“Indeed, as part of its statutory functions, NIMASA is to enforce and administer the provisions of the Cabotage Act 2003 and develop and implement policies and programmes which will facilitate the growth of local capacity in ownership, manning and construction of ships and other maritime infrastructure. Disbursing the CVFF is one of the ways NIMASA can fulfill this mandate.

“To assist in this task, there must be collaboration between NIMASA, financial institutions, the Minister of Transportation, as contained in the CVFF Regulations that are yet to be implemented”, the legal guru highlighted further. 

He urged the agency to create the right environment for its stakeholders to build on and engender the needed capacities to fill the gaps; and ensure that steps are being taken to solve the challenges being faced by stakeholders.

“Lastly, which is the main reason why we are all here, cessation of ministerial waivers on some cabotage requirements, which I believe is worth applause in favour of NIMASA. 

“This is because it appears that the readiness to obtain/grant waivers had made some of the vessels and their owners engaged in cabotage trade, to become complacent and indifferent in quickly ensuring that they updated their capacities, so as not to require the waivers. 

“The cessation of waivers is a way of forcing the relevant stakeholders of the maritime sector, to find workable solutions within, for maritime development and fill the gaps in the local capacities in 100% Nigerian crewing, ship ownership, and ship building, that had necessitated the existence of the waivers since about 15 years ago, when the Cabotage Act came into being. 

“However, NIMASA must ensure that the right environment is provided for its stakeholders to build and possess the needed capacities to fill the gaps; and ensure that steps are being taken to solve the challenges being faced by stakeholders. Or better still, that they are solved within the next 5 years of its intention to stop granting waivers”, he further explained.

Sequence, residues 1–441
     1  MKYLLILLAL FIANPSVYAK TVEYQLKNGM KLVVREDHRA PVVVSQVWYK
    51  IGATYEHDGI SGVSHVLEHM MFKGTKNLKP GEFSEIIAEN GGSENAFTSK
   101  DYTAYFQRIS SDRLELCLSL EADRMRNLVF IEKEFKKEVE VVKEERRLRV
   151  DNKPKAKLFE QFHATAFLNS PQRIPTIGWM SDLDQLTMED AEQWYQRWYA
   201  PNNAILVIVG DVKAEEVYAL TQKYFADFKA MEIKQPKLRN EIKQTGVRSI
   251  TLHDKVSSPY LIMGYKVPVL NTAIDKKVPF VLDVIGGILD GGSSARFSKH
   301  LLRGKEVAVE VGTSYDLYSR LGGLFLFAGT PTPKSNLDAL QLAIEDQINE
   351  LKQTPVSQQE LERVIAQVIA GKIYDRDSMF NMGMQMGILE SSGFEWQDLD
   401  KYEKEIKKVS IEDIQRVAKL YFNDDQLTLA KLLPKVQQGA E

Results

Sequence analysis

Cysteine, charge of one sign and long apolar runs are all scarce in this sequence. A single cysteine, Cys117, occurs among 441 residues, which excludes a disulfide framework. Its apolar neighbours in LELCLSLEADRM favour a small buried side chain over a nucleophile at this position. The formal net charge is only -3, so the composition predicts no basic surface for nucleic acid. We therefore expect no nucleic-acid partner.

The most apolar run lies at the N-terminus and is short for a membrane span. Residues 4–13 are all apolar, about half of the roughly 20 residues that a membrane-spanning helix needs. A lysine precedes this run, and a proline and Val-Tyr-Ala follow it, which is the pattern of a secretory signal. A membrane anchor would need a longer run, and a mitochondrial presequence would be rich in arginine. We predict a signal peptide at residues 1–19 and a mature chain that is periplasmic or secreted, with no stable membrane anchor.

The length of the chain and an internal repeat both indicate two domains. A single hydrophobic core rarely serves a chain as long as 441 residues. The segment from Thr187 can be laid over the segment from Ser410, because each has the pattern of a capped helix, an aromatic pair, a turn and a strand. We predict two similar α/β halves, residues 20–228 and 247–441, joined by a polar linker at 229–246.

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Breaking News: The Funeral Rites of Matriarch C. Ogbeifun is Live



The Burial Ceremony of Engr. Greg Ogbeifun’s mother is live. Watch on the website: and on Youtube: Maritimefirst Newspaper.

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Wind Farm Vessel Collision Leaves 15 Injured



…As Valles Steamship Orders 112,000 dwt Tanker from South Korea***

A wind farm supply vessel and a cargo ship collided in the Baltic Sea on Tuesday leaving 15 injured.

The Cyprus-flagged 80-meter general cargo ship Raba collided with Denmark-flagged 31-meter wind farm supply vessel World Bora near Rügen Island, about three nautical miles off the coast of Hamburg. 

Many of those injured were service engineers on the wind farm vessel, and 10 were seriously hurt. 

They were headed to Iberdrola’s 350MW Wikinger wind farm. Nine of the people on board the World Bora were employees of Siemens Gamesa, two were employees of Iberdrola and four were crew.

The cause of the incident is not yet known, and no pollution has been reported.

After the collision, the two ships were able to proceed to Rügen under their own power, and the injured were then taken to hospital. 

Lifeboat crews from the German Maritime Search and Rescue Service tended to them prior to their transport to hospital via ambulance and helicopter.

“Iberdrola wishes to thank the rescue services for their diligence and professionalism,” the company said in a statement.

In the meantime, the Hong Kong-based shipowner Valles Steamship has ordered a new 112,000 dwt crude oil tanker from South Korea’s Sumitomo Heavy Industries Marine & Engineering.

Sumitomo is to deliver the Aframax to Valles Steamship by the end of 2020, according to data provided by Asiasis.

The newbuild Aframax will join seven other Aframaxes in Valles Steamship’s fleet. Other ships operated by the company include Panamax bulkers and medium and long range product tankers.

The company’s most-recently delivered unit is the 114,426 dwt Aframax tanker Seagalaxy. The naming and delivery of the tanker took place in February 2019, at Namura Shipbuilding’s yard in Japan.

Maritime Executive with additional report from World Maritime News

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ADEBAYO SARUMI: Doyen of Maritime Industry Marks 80th Anniversary, Saturday